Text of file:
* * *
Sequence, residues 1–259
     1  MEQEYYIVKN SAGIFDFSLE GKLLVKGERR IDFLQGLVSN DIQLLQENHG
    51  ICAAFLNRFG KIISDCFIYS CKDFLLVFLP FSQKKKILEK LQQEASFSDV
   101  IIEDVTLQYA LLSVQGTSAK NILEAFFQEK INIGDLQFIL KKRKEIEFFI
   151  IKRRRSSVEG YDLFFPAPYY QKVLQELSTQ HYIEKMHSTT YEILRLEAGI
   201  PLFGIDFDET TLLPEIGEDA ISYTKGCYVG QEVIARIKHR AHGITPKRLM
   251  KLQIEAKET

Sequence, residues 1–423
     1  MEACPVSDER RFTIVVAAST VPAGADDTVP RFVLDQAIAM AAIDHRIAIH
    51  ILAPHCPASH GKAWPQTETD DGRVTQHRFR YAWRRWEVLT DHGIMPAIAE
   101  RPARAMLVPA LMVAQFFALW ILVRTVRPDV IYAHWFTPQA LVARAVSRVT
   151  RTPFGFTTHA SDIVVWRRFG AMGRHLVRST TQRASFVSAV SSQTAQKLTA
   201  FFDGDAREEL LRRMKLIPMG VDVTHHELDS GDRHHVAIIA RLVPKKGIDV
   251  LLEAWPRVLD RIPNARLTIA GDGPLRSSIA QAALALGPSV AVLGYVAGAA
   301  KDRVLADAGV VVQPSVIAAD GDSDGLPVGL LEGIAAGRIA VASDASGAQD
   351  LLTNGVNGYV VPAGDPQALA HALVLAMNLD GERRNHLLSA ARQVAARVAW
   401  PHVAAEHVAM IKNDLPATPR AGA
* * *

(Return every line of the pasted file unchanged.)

Sequence, residues 1–259
     1  MEQEYYIVKN SAGIFDFSLE GKLLVKGERR IDFLQGLVSN DIQLLQENHG
    51  ICAAFLNRFG KIISDCFIYS CKDFLLVFLP FSQKKKILEK LQQEASFSDV
   101  IIEDVTLQYA LLSVQGTSAK NILEAFFQEK INIGDLQFIL KKRKEIEFFI
   151  IKRRRSSVEG YDLFFPAPYY QKVLQELSTQ HYIEKMHSTT YEILRLEAGI
   201  PLFGIDFDET TLLPEIGEDA ISYTKGCYVG QEVIARIKHR AHGITPKRLM
   251  KLQIEAKET

Sequence, residues 1–423
     1  MEACPVSDER RFTIVVAAST VPAGADDTVP RFVLDQAIAM AAIDHRIAIH
    51  ILAPHCPASH GKAWPQTETD DGRVTQHRFR YAWRRWEVLT DHGIMPAIAE
   101  RPARAMLVPA LMVAQFFALW ILVRTVRPDV IYAHWFTPQA LVARAVSRVT
   151  RTPFGFTTHA SDIVVWRRFG AMGRHLVRST TQRASFVSAV SSQTAQKLTA
   201  FFDGDAREEL LRRMKLIPMG VDVTHHELDS GDRHHVAIIA RLVPKKGIDV
   251  LLEAWPRVLD RIPNARLTIA GDGPLRSSIA QAALALGPSV AVLGYVAGAA
   301  KDRVLADAGV VVQPSVIAAD GDSDGLPVGL LEGIAAGRIA VASDASGAQD
   351  LLTNGVNGYV VPAGDPQALA HALVLAMNLD GERRNHLLSA ARQVAARVAW
   401  PHVAAEHVAM IKNDLPATPR AGA